Martin Figura is a poet, teacher, retired army major, qualified accountant and photographer. He's a proud member of the Joy of Six, with whom he has performed from New York to Cromer since 2000. He's also proud to be an Apples & Snakes associate artist and they produced his show, Whistle, which received major Arts Council Lottery Fund Awards in 2010 and was shortlisted for Ted Hughes Award for New Work in Poetry. It won the 2013 Saboteur Best Spoken Word Show Award. Based on his poetry collection of the same name, Whistle deals with the impact on Figura's family of his father murdering his mother when he was a child. His poem 'Victor' won the Poetry Society's 2010 Hamish Canham Prize. In 2013 Nasty Little Press published the pamphlet Arthur, a narrative sequence resulting form a commission with the artist Caroline Wright.
Praise for Martin Figura's Work:
Of all the books of poetry I've read this year, Whistle is the one that haunts me most. It touches a place within you that will never heal. You push it away like a ghost. You pull it towards you in memory.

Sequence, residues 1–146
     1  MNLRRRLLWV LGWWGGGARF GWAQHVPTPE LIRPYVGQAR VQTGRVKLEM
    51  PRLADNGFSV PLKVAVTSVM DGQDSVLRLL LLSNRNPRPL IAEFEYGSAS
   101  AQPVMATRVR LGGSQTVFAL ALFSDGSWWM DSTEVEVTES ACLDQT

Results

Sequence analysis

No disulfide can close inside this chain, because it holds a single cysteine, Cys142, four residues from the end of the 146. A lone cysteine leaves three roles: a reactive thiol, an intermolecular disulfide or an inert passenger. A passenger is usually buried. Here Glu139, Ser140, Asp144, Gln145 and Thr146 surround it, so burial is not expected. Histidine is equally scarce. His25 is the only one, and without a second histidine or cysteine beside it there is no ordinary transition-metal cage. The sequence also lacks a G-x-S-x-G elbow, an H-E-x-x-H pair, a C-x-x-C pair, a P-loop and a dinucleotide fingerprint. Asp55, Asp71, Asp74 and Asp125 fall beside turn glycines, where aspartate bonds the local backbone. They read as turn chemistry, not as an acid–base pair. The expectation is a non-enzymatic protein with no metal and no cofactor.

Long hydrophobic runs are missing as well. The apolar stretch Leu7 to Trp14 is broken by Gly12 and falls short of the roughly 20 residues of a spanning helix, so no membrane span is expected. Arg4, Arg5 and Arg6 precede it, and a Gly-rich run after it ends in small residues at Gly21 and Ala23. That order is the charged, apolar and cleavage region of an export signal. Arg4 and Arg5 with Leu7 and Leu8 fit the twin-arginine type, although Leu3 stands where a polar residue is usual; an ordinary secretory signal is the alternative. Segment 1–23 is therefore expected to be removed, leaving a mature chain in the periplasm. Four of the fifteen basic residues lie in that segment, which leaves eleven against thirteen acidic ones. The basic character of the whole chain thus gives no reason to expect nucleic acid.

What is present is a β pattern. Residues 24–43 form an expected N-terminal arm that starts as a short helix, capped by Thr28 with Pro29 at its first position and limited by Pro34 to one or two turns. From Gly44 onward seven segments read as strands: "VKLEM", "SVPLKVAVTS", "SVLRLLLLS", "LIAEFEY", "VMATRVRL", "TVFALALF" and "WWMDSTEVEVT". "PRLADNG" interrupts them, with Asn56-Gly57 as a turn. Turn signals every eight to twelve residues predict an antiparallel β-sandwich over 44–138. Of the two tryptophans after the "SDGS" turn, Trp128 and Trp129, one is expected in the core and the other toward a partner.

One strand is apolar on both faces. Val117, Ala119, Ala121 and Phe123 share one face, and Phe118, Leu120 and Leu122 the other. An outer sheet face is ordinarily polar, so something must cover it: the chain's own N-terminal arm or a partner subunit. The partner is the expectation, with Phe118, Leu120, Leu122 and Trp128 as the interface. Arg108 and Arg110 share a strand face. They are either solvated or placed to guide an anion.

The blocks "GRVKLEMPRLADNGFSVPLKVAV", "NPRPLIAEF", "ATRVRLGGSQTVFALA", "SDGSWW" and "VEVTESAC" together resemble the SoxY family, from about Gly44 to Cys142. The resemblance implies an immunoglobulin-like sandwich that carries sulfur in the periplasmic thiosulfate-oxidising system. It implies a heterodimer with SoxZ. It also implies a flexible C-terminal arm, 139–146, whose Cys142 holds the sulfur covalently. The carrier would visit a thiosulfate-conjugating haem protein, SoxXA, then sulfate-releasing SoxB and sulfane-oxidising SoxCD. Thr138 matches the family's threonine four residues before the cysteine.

David Morley, reviewing Whistle in Magma
Figura, keeping his nerve, guides us through a limbo of shifting and shadowed memories, through places where the encroaching Furies rampage, out into the clarity of comprehension and forgiveness, where it is possible for him, and for us, to claim life's paradoxical riches.
Penny Shuttle, reviewing Whistle in Ink, Seat and Tears
Exercising a humanising restraint, delicately balanced, these poems are an attempt to excise memory, to fill in some of the missing gaps, but the sense one is left with most of all is absence and loss. Moving, brave unsentimental &ellip;
Jackie Kay on Whistle
Martin Figura has a strong stage presence. His subject matter is so challenging it makes the audience gasp. In spite of this, he engages the listener with warmth and humour. Pitch perfect, he knows his lines and knows how to deliver them. You will be entertained and moved in equal measure.
Patience Agbabi on Whistle
Sensitive, sad, and in places arresting. Thoroughly recommended.
Richard O'Brien reviewing Arthur in Poetry London